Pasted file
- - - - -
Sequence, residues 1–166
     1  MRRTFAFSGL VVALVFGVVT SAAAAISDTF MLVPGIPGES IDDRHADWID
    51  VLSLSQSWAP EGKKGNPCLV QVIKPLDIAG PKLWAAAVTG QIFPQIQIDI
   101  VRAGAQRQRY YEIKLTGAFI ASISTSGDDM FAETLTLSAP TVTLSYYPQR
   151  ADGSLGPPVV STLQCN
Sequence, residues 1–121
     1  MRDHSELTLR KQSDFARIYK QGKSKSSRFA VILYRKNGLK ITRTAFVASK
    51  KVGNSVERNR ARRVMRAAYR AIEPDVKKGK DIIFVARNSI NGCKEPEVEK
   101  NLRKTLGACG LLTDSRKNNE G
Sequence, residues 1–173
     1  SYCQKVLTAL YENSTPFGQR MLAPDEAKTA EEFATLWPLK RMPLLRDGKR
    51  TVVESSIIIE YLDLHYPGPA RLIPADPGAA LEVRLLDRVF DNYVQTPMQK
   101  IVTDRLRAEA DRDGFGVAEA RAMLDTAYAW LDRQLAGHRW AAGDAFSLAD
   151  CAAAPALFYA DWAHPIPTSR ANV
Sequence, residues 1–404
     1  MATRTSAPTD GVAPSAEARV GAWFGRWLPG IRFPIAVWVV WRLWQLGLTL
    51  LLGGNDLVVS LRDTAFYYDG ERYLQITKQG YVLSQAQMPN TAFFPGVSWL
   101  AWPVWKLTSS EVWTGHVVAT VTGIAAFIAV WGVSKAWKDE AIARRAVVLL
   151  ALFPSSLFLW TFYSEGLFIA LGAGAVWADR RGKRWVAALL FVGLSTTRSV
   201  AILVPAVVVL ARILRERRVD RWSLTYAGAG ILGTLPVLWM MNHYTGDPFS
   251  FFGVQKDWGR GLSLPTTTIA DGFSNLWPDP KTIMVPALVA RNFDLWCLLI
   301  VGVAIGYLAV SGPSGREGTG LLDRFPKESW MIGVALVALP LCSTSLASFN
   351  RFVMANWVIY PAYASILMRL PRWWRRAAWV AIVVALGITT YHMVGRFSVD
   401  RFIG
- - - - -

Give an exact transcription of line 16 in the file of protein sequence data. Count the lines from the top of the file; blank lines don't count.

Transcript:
     1  MATRTSAPTD GVAPSAEARV GAWFGRWLPG IRFPIAVWVV WRLWQLGLTL